RICHMOND, Va. -- The Federal Bureau of Investigation and the Better Business Bureau have issued a warning to college students about an email scam running rampant through school email accounts. The emails, according to the BBB, are similar to past "work from home" scams.
The email includes a job offer in the human resources or payroll department of the company, according to WTVR.
The scam happens when the students are asked to accept a "payroll deposit" into their personal bank account.
The deposit is actually money acquired from legitimate companies by cyber-criminals, who then ask students to wire the money to other accounts, according to the FBI.
Participating in this scam could cause the freezing of your bank account or criminal prosecution.
Here is the BBB's tips on how to spot a job scam:
Watch out for these phrases: Scam ads or emails often contain the phrases “Teleworking OK,” “Immediate Start” and “No Experience Needed.” Watch out for ads that urge you to apply immediately.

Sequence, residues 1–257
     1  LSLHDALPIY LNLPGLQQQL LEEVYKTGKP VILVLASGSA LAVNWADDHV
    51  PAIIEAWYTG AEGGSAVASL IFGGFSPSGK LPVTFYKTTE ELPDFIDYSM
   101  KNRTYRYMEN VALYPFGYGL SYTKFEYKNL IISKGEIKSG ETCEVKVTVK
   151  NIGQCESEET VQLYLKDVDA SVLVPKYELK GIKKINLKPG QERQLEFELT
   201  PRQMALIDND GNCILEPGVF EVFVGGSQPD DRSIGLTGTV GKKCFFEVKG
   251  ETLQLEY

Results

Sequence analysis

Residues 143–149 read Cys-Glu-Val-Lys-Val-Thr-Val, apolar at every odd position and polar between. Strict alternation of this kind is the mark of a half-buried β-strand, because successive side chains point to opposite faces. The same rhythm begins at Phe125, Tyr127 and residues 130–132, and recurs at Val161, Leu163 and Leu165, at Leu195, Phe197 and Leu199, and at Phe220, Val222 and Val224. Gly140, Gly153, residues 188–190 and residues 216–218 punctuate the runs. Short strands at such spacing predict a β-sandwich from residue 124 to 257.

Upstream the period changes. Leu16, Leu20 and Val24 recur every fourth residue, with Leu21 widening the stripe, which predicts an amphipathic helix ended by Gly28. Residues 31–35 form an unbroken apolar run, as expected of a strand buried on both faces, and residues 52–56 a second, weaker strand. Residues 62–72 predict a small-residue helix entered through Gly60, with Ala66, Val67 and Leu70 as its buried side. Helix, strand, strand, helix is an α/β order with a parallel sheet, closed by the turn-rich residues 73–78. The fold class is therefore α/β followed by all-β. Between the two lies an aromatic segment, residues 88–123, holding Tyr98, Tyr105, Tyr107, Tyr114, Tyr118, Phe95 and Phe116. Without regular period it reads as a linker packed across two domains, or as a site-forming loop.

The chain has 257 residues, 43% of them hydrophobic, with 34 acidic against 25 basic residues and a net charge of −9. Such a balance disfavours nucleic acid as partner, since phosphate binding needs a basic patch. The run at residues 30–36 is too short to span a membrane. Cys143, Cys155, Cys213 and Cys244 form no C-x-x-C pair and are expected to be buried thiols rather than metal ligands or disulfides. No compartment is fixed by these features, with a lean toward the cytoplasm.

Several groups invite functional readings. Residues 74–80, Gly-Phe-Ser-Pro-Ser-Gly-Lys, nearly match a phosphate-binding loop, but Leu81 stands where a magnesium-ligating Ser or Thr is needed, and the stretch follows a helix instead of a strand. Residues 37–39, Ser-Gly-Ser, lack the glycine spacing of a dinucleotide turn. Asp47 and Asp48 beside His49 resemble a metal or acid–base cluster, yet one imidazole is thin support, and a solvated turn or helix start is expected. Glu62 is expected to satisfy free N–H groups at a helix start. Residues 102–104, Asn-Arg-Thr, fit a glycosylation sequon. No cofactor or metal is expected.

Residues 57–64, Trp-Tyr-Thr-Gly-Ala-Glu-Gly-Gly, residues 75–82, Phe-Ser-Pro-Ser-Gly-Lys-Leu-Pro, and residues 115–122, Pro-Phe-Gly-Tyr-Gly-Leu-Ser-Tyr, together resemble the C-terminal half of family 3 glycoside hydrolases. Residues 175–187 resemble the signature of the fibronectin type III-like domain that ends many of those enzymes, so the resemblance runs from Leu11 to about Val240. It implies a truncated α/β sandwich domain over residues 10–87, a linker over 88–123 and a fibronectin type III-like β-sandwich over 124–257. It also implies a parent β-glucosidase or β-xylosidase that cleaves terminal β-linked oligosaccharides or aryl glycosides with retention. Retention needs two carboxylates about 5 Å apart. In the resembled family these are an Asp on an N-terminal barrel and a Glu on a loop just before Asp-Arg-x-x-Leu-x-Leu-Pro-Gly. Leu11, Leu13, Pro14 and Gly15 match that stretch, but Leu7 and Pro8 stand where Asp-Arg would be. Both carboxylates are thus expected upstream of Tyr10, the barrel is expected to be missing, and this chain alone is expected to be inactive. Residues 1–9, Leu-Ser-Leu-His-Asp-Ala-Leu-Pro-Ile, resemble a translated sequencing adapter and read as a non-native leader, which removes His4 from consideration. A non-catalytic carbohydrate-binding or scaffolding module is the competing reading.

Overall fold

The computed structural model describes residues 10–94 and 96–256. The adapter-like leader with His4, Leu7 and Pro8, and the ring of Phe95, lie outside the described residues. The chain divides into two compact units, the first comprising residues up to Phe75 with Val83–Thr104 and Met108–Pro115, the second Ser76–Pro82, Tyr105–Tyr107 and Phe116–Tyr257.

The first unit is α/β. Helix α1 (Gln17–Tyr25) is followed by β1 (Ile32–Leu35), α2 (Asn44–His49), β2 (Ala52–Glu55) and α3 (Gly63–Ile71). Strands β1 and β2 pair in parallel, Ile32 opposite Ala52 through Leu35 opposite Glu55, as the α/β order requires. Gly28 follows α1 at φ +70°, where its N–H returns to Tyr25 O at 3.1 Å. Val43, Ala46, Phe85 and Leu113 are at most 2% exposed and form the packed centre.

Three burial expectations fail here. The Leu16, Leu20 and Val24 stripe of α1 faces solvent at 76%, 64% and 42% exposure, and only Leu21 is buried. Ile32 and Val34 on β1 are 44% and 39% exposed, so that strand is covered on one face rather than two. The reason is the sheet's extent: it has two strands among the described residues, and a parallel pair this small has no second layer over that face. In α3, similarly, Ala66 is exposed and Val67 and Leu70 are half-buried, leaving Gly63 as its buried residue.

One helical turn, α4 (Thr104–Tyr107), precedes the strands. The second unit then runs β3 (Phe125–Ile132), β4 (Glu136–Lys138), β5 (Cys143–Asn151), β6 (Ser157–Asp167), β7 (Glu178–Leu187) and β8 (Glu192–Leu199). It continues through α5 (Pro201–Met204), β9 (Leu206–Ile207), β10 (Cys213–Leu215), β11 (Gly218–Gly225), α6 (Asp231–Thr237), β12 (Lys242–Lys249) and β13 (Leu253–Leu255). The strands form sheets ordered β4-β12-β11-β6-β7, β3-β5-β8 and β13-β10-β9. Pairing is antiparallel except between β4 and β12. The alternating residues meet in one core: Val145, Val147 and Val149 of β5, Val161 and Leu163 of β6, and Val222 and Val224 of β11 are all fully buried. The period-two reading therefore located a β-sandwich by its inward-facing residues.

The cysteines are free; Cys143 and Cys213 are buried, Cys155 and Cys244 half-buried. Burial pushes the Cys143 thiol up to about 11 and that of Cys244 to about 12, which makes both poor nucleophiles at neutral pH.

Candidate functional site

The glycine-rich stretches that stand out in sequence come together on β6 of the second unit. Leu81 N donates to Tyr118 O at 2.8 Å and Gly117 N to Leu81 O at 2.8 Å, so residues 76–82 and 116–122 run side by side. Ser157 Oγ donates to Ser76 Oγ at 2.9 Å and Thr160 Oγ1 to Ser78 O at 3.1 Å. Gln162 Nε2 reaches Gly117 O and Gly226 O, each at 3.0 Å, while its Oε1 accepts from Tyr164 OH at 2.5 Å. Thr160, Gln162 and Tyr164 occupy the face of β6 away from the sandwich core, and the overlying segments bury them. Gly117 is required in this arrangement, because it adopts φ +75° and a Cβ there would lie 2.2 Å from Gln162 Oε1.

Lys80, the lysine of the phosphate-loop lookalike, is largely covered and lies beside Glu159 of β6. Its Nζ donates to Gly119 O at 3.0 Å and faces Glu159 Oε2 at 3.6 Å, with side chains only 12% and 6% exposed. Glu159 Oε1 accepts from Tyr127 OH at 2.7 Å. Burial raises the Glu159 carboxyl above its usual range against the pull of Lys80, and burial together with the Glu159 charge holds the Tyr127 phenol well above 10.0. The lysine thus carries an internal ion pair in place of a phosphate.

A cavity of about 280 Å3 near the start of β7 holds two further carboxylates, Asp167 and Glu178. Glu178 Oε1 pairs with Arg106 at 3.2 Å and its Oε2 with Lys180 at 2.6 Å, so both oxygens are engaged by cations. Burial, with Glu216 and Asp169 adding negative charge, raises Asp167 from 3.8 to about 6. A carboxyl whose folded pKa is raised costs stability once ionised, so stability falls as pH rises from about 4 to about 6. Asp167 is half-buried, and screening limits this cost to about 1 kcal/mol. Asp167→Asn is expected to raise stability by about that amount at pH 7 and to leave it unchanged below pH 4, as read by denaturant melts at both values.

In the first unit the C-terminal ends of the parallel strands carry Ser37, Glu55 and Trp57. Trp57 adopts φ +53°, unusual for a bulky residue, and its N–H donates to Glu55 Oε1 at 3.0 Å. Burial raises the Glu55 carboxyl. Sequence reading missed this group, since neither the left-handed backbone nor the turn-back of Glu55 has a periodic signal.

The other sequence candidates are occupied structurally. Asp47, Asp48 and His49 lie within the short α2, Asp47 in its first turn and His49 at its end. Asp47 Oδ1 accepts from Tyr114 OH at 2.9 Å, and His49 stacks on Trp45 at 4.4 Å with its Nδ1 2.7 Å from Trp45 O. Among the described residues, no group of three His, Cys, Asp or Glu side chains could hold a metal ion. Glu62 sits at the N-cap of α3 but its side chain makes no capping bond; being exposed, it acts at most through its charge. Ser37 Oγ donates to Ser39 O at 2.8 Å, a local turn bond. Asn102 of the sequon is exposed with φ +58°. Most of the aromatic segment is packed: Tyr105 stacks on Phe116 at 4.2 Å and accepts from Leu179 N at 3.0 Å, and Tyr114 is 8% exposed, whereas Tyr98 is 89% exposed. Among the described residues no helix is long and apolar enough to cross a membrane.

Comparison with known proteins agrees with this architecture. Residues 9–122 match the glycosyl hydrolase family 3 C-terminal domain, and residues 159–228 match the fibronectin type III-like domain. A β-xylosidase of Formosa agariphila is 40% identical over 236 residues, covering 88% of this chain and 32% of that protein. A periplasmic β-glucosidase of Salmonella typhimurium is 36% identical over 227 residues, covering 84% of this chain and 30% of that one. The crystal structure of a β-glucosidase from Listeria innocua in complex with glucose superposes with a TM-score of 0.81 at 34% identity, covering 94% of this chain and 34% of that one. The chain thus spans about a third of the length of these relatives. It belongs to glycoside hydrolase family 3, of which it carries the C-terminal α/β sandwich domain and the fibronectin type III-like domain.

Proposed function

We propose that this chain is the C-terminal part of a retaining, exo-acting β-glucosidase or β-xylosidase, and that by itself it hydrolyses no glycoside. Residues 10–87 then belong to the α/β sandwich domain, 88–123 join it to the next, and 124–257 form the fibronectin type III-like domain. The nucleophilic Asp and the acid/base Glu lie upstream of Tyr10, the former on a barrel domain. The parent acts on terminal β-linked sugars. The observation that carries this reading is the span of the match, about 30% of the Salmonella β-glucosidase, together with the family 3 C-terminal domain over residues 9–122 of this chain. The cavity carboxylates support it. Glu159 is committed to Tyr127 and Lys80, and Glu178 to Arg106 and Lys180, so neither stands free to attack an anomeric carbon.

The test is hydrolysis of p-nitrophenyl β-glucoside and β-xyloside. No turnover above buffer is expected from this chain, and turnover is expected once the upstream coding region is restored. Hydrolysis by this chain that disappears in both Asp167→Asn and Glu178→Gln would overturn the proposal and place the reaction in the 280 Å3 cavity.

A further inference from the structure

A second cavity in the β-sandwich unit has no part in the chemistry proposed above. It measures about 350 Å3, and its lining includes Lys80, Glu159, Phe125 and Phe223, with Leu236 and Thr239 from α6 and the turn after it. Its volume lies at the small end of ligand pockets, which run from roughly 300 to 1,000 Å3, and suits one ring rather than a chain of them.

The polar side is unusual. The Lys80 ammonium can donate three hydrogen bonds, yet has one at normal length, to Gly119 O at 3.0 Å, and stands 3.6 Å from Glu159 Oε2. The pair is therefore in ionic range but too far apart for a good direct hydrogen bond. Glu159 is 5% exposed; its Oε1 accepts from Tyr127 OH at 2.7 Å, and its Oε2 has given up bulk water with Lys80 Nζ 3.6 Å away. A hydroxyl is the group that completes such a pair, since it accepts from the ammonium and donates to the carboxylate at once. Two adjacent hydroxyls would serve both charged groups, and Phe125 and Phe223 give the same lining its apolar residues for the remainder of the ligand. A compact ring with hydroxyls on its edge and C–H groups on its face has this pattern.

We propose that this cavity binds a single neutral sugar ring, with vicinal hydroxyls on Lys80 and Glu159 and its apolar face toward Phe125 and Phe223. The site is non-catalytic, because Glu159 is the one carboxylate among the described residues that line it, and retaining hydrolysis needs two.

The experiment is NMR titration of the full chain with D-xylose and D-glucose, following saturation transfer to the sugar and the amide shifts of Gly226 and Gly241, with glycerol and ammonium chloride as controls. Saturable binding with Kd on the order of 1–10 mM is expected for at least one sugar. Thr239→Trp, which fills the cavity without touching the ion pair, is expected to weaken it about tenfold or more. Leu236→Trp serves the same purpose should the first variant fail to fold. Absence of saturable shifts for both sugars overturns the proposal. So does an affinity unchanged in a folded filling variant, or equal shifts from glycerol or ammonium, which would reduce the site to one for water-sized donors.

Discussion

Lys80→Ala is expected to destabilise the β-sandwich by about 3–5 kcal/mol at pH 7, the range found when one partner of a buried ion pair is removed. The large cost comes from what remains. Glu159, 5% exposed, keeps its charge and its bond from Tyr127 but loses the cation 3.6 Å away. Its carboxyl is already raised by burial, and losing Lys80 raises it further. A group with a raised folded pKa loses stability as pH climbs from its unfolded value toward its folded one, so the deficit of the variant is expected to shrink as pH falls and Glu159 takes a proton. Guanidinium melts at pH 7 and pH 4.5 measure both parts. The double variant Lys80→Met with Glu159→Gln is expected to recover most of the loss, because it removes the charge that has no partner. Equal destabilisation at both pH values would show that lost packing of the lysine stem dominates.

Be very cautious of any job that asks you to share personal banking information. Scammers will often request banking info under the guise of running a credit check, setting up direct deposit or, in this case, using your bank account to transfer funds.
Some positions are more likely to be scams: Always be wary of work from home, secret shopper positions or any job with a generic title, such as admin assistant or customer service representative. These often don’t require special training or licensing, so they appeal to a wide range of applicants.
If a job looks suspicious, search for it online. If the result comes up in many other cities with the exact same job post, it is likely a scam. Also, check the company’s job page to make sure the position is posted there.
Watch out for on-the-spot job offers. You may be an excellent candidate for the job, but beware of offers made without an interview. A real company will want to talk to a candidate before hiring him or her.
Read the rest of the BBB report here.